By Dale Roberts
Special to Financial Independence Hub
Where have all of the investors gone? It’s no surprise that “advised” Canadian mutual fund investors have been bailing on the wealth building thing. Most of them are sold high-fee funds and see little or no advice. They lose out on two counts. And in 2022 even ETF investors have largely bailed on buying growth assets (stocks and REITs) as they go on sale. The ETF’ers are moving to cash ETFs and bonds. Where I see continued enthusiasm (OK, they are rabid) is in the Canadian dividend investor camp. They love the lower prices that can bring bigger dividend payments. Dividend investors are leading the charge on the Sunday Reads.
From that Advisor’s Edge post …
As of the end of November, Canadian mutual funds had outflows of $35.6 billion in 2022, or 2% of 2021 year-end assets, National Bank Financial (NBF) said in a report on Jan. 5th. (Full-year mutual fund data is yet to come.)
“Only money market mutual funds recorded inflows, an indication of the capital-preservation mode that informed many investor decisions this year,” it said.
During 2021’s rising markets, mutual fund sales soared to a dramatic record-breaking $112 billion, outselling ETFs for the first time since 2018.
ETFs back on top
Canadian ETF inflows in 2022 landed back on top, with a “whopping” $35.5 billion in net flows in 2022, or 10% or of 2021 year-end assets, the report said.
As part of tactical positioning, cash-alternative ETFs were a “major story” of 2022, the report said, describing them as “an inflow darling” since the first such fund was launched in 2013. In 2022, the funds more than doubled in assets to $15 billion amid the year’s bond selloff. CI High Interest Savings ETF was the fund with the most inflow ($3.2 billion) for the year.
Equity ETFs scored $13 billion in 2022, or about 37% of ETF net flows.
(Back to Dale)
The move to safety
So while ETF investors did add equities in modest fashion, there was a greater move to safety: cash and bonds. Of course, we’re supposed to do the opposite: buy more growth assets as they go on sale. You know that ‘be greedy when others are fearful’ Warren Buffett kind of thinking.
I’ve continued to ask readers: what stocks and ETFs are you buying? That post was from the end of September. Looking back that was near the bottom for 2022. Stocks have bounced back modestly from the time of the post. We could go below September of 2022 prices or not. Who knows? But sale prices are good, that we know.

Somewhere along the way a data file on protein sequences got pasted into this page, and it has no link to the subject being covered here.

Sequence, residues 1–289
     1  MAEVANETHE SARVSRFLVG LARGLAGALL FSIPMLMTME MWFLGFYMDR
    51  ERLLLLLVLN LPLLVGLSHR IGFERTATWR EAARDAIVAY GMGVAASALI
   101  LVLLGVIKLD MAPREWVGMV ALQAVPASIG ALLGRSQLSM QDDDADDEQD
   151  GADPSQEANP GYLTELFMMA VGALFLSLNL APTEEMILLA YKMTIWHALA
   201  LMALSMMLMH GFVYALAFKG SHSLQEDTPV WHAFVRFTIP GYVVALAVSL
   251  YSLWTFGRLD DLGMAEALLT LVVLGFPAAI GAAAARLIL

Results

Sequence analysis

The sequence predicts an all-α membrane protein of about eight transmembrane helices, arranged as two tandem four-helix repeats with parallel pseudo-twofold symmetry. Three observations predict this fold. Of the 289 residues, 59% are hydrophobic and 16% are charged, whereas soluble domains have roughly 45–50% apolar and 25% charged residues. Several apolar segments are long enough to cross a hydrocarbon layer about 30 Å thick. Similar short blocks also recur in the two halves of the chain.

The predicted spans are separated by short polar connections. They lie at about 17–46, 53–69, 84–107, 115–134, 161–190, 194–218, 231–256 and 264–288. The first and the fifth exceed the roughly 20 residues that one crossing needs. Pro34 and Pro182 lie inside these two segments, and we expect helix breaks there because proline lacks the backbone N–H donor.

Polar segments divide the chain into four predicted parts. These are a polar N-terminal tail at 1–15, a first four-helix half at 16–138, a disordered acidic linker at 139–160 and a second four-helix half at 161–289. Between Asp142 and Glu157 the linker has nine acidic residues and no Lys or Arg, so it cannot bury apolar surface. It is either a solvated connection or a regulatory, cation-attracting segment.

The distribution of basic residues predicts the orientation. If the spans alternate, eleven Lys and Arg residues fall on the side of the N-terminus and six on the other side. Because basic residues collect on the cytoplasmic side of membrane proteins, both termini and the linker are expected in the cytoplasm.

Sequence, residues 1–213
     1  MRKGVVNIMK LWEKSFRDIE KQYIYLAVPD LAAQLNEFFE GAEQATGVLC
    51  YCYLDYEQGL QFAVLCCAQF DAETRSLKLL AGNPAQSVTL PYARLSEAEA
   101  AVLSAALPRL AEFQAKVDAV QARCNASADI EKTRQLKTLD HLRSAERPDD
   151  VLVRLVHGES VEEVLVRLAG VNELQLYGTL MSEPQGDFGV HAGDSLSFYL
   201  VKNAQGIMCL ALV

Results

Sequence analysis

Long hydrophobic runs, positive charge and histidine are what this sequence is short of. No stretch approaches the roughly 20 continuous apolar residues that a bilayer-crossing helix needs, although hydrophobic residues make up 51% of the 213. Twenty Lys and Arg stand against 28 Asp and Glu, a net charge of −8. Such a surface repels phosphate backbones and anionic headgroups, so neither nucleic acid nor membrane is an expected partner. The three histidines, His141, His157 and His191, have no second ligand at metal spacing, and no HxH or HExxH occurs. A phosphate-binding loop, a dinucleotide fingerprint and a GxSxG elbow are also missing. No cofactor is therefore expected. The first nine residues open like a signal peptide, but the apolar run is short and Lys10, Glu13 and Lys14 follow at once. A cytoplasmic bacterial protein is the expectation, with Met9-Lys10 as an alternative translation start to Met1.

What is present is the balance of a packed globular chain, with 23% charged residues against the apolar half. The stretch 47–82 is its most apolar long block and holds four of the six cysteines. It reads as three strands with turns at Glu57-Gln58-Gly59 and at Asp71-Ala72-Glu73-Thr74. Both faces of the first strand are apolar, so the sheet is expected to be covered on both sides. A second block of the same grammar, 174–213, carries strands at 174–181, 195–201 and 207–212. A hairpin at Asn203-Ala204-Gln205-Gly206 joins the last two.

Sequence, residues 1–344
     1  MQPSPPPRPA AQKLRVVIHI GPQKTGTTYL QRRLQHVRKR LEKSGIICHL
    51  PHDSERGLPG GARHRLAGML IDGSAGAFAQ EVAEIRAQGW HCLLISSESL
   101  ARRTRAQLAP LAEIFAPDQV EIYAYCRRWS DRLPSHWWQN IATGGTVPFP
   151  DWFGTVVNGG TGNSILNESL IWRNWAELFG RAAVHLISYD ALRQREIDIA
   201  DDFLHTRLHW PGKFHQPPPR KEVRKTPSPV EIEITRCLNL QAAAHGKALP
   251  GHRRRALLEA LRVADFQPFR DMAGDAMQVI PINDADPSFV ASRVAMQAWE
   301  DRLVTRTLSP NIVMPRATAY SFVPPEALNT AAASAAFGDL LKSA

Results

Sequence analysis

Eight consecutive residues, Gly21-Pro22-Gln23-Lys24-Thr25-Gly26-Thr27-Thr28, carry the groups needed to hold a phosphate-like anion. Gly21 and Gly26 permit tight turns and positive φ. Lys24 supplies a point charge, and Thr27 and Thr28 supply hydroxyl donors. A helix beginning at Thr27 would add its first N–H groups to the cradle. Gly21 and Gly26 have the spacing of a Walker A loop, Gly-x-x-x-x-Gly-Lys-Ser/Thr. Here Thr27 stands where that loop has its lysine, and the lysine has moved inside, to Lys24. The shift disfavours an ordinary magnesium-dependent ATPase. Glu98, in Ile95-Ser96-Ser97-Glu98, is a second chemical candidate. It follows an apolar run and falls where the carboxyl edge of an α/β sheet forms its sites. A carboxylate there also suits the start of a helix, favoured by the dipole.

On Findependence Hub: how to navigate the coming worldwide recession.
Dividend investors are on FIRE
While focusing (too much) on the dividends can have its drawbacks, there’s no denying that dividend investing leads to very good behaviour. I am truly pleased to see that Canadian dividend investors (friends) are chomping at the bit to buy more stocks and greater dividends.
Mark also offered his recent portfolio update.
Rob at Passive Canadian Income updated his dividend and portfolio performance for December in this post.
Totals For 2022
Dividends Year To Date Total – $10,692.84
Other Passive Income Year to date – $13,491.23
Total Passive Income for 2022 —– $24,184.07
Year End Goal – $25,000
Canadian stocks are offering very good value these days. Kyle delivered a very good post on MoneySense – Making sense of the markets. Kyle included some very good broader market and investment commentary. And on Canadian stocks …
Our current P/E valuation discount relative to the U.S.’s S&P 500 shows that as a group, Canadian stocks are substantially cheaper than in the past when compared to American stocks.
That crazy good savings rate
For some inspiration Bob offers 9 weird things he did to save money in his 20s. Bob has always had a crazy (good) savings rate. That is certainly one of the keys to building wealth. It’s not what you make, but what you keep, and then what and how you invest.
You have to read my personal finance book. In fact, it’s so simple and short it’s a 100o word blog, instead of a book.
Fritz at The Retirement Manifesto created a free asset allocation tool.
A few thoughts
We can’t time the markets but we can control the earnings we buy. We can control our sector weightings. The sectors largely control the returns we get in various economic conditions. We’re in regime change, of course. I still like some exposure to oil and gas and pipelines and some commodities exposure.
Accumulators can largely ignore the noise. Retirees and near retirees might still play defense and insist that they get paid (dividends). 2023 might provide some nice rebalancing opportunities – from bonds to stocks, potentially even to some growth names or ETFs.
I will do a post on my personal RRSP portfolio and the U.S. stocks. This is crazy …
Chalk up one or two for quality and sector arrangement.
Simple and funny …
Buy the fear and win …
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Dale Roberts is the owner operator of the Cut The Crap Investing blog, and a columnist for MoneySense. This blog originally appeared on Cut the Crap Investing on Jan. 8, 2023 and is republished on the Hub with permission.